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Web Survey Bibliography

Title How Representative are Google Consumer Surveys?: Results From an Analysis of a Google Consumer Survey Questions Relative National Level Benchmarks With Different Survey Modes and Samples Characteristics
Year 2013
Access date 24.05.2013

The decrease in coverage for traditional random digit dialing (RDD) samples is well documented (e.g., Blumberg et al. 2011). This decline in landline connections, particularly for young people, make coverage especially problematic (Keeter et al. 2007). Although mobile phones can be added to landline sample frames to increase coverage, this dual frame approach introduces new challenges, as they are more prone to nonsampling errors in comparison to RDD and in the United States incoming calls are often counted against the respondent’s minutes (Brick et al. 2011). Non-probability Web-based supplements have been suggested as a means to reducing problems with RDD coverage and picking up cellonly households without respondent-side costs. However, three questions need to be answered. First, do we find more cell-only households among non-probability Web samples? Second, how do these Web-based results differ from national level random sample results? Third, how demographically different are these samples from mode varying probability samples? In this paper, we present an analysis of a series of Google Consumer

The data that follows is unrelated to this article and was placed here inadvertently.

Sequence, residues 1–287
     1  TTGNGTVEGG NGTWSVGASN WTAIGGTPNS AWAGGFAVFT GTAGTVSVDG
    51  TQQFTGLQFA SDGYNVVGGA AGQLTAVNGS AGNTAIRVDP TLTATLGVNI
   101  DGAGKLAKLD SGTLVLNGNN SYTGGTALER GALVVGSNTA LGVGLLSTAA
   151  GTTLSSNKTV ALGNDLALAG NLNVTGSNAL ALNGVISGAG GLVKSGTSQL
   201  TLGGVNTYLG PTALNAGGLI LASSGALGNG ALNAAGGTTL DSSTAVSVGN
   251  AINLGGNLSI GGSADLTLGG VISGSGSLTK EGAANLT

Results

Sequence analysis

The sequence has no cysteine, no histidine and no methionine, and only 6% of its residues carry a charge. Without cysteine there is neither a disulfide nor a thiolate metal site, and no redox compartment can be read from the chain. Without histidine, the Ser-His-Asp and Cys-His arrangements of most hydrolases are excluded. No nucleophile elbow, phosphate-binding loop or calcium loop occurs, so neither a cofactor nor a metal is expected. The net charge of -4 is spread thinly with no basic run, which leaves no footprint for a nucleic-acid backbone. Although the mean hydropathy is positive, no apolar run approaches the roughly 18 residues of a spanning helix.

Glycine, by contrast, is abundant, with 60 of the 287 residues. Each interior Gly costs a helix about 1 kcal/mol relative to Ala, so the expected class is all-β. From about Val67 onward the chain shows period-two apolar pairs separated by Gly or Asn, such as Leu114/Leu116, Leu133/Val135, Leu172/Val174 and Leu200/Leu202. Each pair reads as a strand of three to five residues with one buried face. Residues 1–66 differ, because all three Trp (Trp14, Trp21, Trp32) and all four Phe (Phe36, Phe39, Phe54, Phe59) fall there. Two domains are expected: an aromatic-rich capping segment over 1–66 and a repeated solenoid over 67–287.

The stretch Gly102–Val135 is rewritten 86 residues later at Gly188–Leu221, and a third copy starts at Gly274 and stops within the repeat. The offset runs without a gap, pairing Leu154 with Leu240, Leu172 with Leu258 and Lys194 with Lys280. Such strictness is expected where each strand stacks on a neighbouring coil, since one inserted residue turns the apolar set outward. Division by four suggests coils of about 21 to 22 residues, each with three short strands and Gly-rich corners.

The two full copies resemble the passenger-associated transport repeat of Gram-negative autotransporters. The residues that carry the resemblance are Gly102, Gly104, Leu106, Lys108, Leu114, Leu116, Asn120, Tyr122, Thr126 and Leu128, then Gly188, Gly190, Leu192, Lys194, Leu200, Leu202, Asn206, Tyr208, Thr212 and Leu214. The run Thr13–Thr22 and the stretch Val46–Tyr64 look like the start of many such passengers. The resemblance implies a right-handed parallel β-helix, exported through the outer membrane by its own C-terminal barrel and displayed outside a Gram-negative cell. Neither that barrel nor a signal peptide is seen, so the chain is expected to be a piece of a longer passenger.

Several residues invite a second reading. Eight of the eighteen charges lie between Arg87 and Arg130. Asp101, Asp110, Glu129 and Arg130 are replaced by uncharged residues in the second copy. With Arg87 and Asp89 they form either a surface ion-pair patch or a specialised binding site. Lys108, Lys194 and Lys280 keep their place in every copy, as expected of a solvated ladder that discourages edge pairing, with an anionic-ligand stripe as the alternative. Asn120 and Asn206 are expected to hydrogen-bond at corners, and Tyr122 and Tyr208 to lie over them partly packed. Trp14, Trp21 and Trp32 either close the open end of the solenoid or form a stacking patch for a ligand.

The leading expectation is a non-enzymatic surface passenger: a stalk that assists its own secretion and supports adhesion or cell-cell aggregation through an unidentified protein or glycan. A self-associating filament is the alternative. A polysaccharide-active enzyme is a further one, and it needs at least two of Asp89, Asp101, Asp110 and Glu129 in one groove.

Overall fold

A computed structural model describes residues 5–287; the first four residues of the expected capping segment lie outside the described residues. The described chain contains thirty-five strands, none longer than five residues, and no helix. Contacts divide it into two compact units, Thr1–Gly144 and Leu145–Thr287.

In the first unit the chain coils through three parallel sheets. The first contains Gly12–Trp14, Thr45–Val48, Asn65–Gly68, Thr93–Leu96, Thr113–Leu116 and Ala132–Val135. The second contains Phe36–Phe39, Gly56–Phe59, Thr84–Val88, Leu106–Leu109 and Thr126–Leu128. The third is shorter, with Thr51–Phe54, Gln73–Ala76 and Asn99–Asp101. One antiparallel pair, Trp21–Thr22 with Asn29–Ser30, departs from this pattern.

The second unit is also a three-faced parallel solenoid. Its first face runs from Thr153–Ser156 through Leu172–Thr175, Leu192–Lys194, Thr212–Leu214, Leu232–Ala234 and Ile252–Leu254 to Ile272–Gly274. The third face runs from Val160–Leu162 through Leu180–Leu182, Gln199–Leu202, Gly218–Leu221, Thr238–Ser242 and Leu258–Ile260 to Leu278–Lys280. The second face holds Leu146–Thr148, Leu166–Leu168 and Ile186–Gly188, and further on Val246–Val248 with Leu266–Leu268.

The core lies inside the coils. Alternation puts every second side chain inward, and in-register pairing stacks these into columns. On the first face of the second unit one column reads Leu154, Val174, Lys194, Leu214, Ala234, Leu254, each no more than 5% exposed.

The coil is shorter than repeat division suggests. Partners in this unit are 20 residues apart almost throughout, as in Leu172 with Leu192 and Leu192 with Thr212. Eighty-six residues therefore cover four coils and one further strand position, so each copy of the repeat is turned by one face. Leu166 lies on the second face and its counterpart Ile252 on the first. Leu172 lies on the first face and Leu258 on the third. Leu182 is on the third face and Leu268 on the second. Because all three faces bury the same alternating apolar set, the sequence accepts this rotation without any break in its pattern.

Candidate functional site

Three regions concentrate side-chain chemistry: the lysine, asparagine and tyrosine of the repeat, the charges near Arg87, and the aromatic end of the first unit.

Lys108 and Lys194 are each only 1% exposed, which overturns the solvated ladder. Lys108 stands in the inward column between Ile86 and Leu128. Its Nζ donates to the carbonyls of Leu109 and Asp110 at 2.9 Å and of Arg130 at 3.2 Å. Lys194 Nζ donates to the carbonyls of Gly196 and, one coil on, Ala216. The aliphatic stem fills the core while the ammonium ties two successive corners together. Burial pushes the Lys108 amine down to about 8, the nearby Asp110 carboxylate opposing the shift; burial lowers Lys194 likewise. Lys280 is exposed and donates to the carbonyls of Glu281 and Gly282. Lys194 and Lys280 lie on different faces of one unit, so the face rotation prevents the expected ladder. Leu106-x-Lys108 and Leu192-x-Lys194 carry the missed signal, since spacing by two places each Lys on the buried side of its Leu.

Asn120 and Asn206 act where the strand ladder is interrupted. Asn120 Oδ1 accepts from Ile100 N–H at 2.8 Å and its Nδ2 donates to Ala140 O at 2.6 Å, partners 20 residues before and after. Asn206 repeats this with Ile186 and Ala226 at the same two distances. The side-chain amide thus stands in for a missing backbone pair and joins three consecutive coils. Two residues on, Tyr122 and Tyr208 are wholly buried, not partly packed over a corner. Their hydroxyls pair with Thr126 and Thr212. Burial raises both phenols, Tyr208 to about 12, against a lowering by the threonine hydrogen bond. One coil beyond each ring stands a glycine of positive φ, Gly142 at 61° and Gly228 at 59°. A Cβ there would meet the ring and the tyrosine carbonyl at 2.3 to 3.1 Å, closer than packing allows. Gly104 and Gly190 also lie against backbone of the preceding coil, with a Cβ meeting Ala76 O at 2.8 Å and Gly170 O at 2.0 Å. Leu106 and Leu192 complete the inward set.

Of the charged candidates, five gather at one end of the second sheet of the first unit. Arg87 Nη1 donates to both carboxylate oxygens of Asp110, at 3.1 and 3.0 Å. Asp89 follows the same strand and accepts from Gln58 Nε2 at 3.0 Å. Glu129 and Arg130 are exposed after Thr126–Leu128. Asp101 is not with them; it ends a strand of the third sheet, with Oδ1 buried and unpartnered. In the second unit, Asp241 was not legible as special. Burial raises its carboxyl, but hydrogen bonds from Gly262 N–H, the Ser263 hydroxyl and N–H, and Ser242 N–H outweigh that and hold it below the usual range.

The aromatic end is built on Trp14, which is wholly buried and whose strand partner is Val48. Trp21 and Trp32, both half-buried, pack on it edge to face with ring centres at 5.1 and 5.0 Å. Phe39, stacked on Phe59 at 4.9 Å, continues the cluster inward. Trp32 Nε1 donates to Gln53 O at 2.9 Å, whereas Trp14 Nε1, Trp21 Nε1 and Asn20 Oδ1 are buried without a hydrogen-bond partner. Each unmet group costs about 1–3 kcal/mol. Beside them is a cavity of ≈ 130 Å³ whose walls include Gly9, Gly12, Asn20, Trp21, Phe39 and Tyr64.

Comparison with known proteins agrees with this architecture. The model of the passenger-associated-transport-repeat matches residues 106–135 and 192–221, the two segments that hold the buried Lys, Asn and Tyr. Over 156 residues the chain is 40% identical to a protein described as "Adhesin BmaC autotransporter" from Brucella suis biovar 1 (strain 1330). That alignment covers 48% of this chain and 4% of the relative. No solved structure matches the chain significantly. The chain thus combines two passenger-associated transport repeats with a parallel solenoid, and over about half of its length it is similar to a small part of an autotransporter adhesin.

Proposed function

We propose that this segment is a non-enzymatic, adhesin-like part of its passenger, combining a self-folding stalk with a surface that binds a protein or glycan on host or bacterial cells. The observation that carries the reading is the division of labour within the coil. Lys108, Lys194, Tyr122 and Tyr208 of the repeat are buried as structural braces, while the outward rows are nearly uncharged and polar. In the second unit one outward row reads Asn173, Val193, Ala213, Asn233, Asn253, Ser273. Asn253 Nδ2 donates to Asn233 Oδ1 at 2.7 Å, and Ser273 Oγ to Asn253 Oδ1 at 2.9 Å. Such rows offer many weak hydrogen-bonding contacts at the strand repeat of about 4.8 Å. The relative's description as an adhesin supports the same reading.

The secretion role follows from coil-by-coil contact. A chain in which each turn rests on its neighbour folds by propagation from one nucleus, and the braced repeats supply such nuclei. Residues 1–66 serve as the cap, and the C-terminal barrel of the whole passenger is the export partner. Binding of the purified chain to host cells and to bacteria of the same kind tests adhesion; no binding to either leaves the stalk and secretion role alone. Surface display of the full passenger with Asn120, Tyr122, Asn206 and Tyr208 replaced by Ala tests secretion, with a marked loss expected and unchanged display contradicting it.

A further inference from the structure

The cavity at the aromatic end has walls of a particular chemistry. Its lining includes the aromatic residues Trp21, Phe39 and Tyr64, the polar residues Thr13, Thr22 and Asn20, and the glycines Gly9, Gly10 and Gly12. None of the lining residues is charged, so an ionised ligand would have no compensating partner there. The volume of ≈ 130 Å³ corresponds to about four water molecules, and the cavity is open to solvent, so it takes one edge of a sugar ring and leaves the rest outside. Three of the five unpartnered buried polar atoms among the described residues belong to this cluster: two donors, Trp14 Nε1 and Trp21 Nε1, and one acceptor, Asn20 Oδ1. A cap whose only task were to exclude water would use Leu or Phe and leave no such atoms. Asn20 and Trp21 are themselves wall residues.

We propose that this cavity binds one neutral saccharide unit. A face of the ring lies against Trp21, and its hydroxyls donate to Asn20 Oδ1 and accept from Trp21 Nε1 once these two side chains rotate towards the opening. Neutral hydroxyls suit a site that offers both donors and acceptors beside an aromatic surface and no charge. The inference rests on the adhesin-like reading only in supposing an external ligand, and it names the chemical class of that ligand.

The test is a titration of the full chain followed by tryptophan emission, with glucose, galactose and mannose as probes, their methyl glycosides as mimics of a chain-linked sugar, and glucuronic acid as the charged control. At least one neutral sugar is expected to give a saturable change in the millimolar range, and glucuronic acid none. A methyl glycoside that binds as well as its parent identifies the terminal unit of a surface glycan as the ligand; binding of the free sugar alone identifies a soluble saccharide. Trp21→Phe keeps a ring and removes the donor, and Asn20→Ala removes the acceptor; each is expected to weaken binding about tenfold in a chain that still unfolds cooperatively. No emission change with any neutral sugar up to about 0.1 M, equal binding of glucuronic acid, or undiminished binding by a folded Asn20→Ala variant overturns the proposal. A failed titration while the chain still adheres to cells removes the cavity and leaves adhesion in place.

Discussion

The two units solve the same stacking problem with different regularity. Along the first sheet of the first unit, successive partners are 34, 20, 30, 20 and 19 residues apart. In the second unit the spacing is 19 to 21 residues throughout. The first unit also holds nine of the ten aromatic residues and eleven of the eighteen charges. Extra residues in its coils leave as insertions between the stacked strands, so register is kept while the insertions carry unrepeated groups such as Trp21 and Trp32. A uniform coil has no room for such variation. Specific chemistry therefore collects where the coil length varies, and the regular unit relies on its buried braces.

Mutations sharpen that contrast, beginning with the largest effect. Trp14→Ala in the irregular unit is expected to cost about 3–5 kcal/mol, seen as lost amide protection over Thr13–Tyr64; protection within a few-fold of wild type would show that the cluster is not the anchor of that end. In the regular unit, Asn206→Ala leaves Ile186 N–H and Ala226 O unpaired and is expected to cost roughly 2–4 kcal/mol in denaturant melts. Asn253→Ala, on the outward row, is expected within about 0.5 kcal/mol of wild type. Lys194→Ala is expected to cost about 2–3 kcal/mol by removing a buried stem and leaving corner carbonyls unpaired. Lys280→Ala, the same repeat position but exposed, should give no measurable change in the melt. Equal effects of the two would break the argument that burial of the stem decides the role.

Survey questions including home cell-phone usage and compare the results to those from three national-level random sample surveys, all of which were cited in the AAPOR’s Cell Phone Task Force.

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Year of publication2013
Bibliographic typeConferences, workshops, tutorials, presentations
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Web survey bibliography - The American Association for Public Opinion Research (AAPOR) 68th Annual Conference, 2013 (88)

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